Have you ever dreamed you saw your reflection in a mirror? What would our imagined other self say that we cannot say for ourselves? The closest moment to contact with the universal nature of being alive might be a momentary gaze into a beloved pet’s eyes. Interactions with animals special to us can teach us much that our ordinary scholastic inquiries fail to glean. Cats, dogs, goldfish, godfinches, even snakes—they all can provide comfort and solace for a weary student’s study break. And maybe, just maybe, pets can provide scholastic spice to our essay ruminations and awaken us from pesky brain doldrums.
Jim Morrison of the Doors once sang “I found an island in your arms, a country in your eyes” and, normal human love aside, moments shared with companion animals fills this non-symbolic bill. Meanwhile, anthropologist Eduardo Kohn notes that, for one Amazonian tribe, a person who encounters a puma can become more than a human and engage their being into a new identity as a creative predator. “Runa who survive encounters with such predators are by definition, then, runa puma, or were-jaguars. One survives, then, by not being noticed as prey by a puma. But in the process one also becomes another kind of being, a puma. And this newfound status translates to other contexts and creates new possibilities.” (Kohn, 93). We transcend our identities by book learning and by life experiences; yet, to report back on what we’ve gained is often tricky—even when we know we’ve shared a special moment with another being.
To become effective students in the wilderness of education is to gaze back with all our being, not just our sequestered study selves. Perhaps somewhere beyond the realm of words or even images lies the truth of our existence as earthly beings. Thinkers throughout history have pondered meanings that evade expression in the ordinary manner. Intuition’s mystery is the stuff of legends and might provide new ways of thinking about our course material.
Passages to New Purpose
The environmental activist John Zerzan pondered animal eyes as “direct windows, in that openness and immediacy… if we could somehow see with those eyes, would it possibly allow us to really see ourselves?” (Zerzan, 103). Timeless truths might seem suspiciously (or pleasurably) to be more in the nature of math than poetry and yet isn’t there something special in making eye contact with an animal, wild or domesticated?
The classic novel A Cricket in Times Square describes literal harmonious possibilities when we allow nature to enter our realm; the headline cricket even seemed to sing along with human accompaniment. “When he heard Mama singing, he slowed his tempo so she could keep up without straining. When she was loud, he was too-and then softer when she got choked up with emotion and her voice dwindled. But always his chirping carried her along, keeping her on the right beat and the right tune. He was the perfect accompanist” (Selden, 104). Animals can communicate too, it seems, just not with such extensive phonetics as bipeds utilize.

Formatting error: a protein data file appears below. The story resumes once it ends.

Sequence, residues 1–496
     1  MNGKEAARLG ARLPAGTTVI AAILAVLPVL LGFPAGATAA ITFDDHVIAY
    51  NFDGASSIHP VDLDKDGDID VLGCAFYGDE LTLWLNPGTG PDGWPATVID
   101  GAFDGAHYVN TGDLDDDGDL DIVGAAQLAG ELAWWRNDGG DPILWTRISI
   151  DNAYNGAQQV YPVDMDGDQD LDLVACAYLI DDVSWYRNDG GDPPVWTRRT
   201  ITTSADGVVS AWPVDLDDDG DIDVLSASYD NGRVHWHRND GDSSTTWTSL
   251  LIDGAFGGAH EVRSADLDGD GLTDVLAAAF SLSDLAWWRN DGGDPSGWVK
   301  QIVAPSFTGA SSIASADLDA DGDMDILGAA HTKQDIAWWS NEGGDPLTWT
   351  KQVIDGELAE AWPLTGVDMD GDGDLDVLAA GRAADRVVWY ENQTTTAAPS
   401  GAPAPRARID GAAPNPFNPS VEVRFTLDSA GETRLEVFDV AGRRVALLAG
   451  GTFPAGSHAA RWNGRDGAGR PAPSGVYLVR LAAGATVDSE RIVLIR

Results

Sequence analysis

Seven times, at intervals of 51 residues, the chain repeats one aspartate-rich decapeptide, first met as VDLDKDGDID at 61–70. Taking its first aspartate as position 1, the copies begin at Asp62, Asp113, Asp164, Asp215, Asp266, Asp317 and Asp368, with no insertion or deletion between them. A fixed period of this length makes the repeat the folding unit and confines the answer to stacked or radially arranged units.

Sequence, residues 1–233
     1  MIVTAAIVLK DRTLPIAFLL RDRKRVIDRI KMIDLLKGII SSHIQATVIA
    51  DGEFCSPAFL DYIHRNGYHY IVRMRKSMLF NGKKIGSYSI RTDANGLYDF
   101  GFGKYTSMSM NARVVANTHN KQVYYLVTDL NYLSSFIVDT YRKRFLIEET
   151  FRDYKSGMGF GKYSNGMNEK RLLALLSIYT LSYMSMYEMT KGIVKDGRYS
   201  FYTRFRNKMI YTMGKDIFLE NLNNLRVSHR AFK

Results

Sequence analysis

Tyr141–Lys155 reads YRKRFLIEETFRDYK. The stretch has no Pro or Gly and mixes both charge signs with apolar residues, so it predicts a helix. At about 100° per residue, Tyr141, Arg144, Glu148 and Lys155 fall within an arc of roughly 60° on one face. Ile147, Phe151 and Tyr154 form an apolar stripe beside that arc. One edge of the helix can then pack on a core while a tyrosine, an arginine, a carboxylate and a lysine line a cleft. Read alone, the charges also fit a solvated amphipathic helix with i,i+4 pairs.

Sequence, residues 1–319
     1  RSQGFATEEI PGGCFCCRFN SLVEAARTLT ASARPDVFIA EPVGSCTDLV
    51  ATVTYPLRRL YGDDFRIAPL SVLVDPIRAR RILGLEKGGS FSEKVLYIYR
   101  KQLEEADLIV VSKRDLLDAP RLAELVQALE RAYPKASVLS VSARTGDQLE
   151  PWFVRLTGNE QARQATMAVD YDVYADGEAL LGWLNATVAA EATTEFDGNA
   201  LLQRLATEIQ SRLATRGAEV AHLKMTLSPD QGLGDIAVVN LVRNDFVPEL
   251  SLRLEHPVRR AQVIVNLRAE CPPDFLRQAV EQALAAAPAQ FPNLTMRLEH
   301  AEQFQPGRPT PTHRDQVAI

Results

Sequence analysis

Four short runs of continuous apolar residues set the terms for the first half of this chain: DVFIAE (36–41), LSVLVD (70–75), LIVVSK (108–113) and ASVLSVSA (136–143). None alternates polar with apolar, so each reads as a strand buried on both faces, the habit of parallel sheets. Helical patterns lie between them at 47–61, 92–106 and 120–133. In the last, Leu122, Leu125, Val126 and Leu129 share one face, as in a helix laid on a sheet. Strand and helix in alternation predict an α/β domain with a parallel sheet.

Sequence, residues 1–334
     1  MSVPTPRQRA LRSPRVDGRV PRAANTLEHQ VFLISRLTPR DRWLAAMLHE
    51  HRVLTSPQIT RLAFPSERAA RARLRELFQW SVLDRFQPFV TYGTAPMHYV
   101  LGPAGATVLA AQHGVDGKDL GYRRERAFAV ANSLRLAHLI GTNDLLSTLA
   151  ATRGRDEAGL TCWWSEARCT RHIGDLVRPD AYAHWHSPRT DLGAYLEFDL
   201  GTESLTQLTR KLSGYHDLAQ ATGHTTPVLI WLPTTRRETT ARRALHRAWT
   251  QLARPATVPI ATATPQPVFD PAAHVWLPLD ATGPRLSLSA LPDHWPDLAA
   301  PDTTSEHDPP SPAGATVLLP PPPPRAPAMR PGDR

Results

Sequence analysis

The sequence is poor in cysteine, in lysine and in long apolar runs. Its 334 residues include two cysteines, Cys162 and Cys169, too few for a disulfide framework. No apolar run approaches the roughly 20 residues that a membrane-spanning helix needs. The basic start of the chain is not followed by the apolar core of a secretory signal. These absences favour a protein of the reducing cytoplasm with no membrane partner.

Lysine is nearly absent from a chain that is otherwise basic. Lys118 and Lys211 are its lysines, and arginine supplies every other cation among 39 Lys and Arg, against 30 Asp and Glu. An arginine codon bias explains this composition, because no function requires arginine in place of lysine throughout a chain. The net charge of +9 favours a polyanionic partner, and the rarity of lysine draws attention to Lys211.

Meanwhile, considering the mechanistic approach to human and animal life alike, one might note that the mystery of consciousness and language is at times one and the same. Where do our thoughts come from, anyway? Epiphanies and randomness can seem as inexplicable as the internal homeostasis of our bodily organs.
Sigmund Freud, part pariah and part philosopher, stated that all of life is a movement towards greater inertia and less liveliness. “If we are to take it as a truth that knows no exception that everything living dies for internal reason-becomes inorganic once again-then we shall be compelled to say that ‘the aim of all life is death’ and, looking backwards, that ‘inanimate things existed before living ones’” (Freud, 70-71). In the mysteries of evolution “the first instinct came into being: the instinct to return to the inanimate state.”
Our cells, as much as they constantly regenerate themselves, do so after all because they are also always fading and dying. Expiring, if you will. And yet it’s the flicker of life that we see in a pet’s eyes that bonds us to them even though we know that our brains are different from theirs. Something deeper than we can comprehend in words takes place in those exchanged moments of caring. It’s as though our priorities realign to match the simplest of realities, like returning to a primordial interactive realm.
The nature of our beliefs about ourselves and our education is stilted in ideas about what matters most. Most of our academic life involves silent pondering and immersion in realms of the written word. Yet we all know how much can be written, so to speak, upon the face of a person or a pet. To really set our imaginations free, hopefully to write better assignment responses, implies that we bear in mind what George Orwell said about being too harnessed by our preconceptions. “Literature is doomed if liberty of thought perishes…no pious platitudes to the effect that ‘true individuality is only attained through identification with the community’, can get over the fact that a bought mind is a spoiled mind” (Orwell, 174). To really write meaning into our lives involves not only words but feelings, not only coursework but those breaks in the action that remind us to pay attention to what matters most. Be they furry pets or even a pet interest, it behooves our development to seek learning in as many interactions as possible.